• but surely you see how disingenuous that is... People for real need to downvote this answer. the master password never needs to be sent to them for the secrets to be at risk when you expose it to code running on your side sent from them!... Your 'master' password is just as at risk of later-updated code from them stealing it from you when ran, and being sent god-knows where. The statement 'it will never be sent to the service' is how its meant to work if not being evil, but surely you can see that's a promise based on trust... the code can do whatever if compromised. – pacifist Jun 8 at 4:52
  • eh, I posted it edit that rewrites the answer to be correct ¯_(ツ)_/¯ guess it doesn't need be downvoted as much for the correct version – pacifist Jun 8 at 5:11

2FA will protect you against 2 attacks: keyloggers and shoulder-surfing.

If someone watches you typing your master password, or a keylogger captures it, the window of opportunity for dumping all your passwords is small. For shoulder surfing, the attacker would need to memorize your password, the 2FA code, login on another computer, and input your credentials before the code expires.

If your cloud password storage does not allow two logins to use the same 2FA code, an attacker will not be able to login even if they capture both your password AND 2FA code and manages to login before the code expires.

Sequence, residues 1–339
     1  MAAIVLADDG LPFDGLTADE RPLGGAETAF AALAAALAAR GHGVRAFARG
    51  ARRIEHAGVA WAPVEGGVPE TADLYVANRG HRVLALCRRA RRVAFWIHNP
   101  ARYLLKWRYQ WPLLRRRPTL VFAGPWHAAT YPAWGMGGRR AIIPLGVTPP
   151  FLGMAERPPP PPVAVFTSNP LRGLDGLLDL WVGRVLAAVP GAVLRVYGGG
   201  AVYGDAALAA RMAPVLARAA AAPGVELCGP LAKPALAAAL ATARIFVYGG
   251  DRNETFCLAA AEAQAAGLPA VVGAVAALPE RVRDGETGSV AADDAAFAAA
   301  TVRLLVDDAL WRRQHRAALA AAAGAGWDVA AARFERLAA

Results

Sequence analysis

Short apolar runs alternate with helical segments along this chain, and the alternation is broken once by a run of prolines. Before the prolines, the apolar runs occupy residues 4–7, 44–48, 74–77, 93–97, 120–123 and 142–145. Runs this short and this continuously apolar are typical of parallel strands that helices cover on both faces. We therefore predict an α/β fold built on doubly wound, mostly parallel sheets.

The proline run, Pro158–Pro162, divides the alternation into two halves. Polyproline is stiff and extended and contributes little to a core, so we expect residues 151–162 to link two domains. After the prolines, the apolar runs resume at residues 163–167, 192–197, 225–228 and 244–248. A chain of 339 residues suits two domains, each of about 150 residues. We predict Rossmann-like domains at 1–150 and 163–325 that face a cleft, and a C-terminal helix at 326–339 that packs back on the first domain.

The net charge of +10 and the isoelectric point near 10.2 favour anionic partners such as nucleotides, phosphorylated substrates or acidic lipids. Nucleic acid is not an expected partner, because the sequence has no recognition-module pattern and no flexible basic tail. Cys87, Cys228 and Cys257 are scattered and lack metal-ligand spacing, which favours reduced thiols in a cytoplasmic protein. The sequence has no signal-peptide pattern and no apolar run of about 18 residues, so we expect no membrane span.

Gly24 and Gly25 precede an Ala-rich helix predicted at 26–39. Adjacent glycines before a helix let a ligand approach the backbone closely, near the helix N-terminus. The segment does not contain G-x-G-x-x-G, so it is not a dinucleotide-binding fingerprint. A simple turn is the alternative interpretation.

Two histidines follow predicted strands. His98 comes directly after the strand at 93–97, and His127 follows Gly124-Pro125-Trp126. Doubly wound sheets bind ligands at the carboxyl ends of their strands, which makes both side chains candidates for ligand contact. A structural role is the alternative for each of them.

You are not protecting the password against the cloud provider, they have a reputation to care about, and their reputation is way more valuable to them than any password you may have. You are protecting it against attacker close to you.

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    In theory though, if an attacker can install a keylogger on my system, wouldn't they be able to exfiltrate my encrypted password file as well and then break it at their own leisure (or with the keylogged password)? I get that 2FA would protect someone from logging in to my password manager account, but how would 2FA protect a stolen vault (especially for KeePass)? – Kaz Wolfe May 10 at 15:34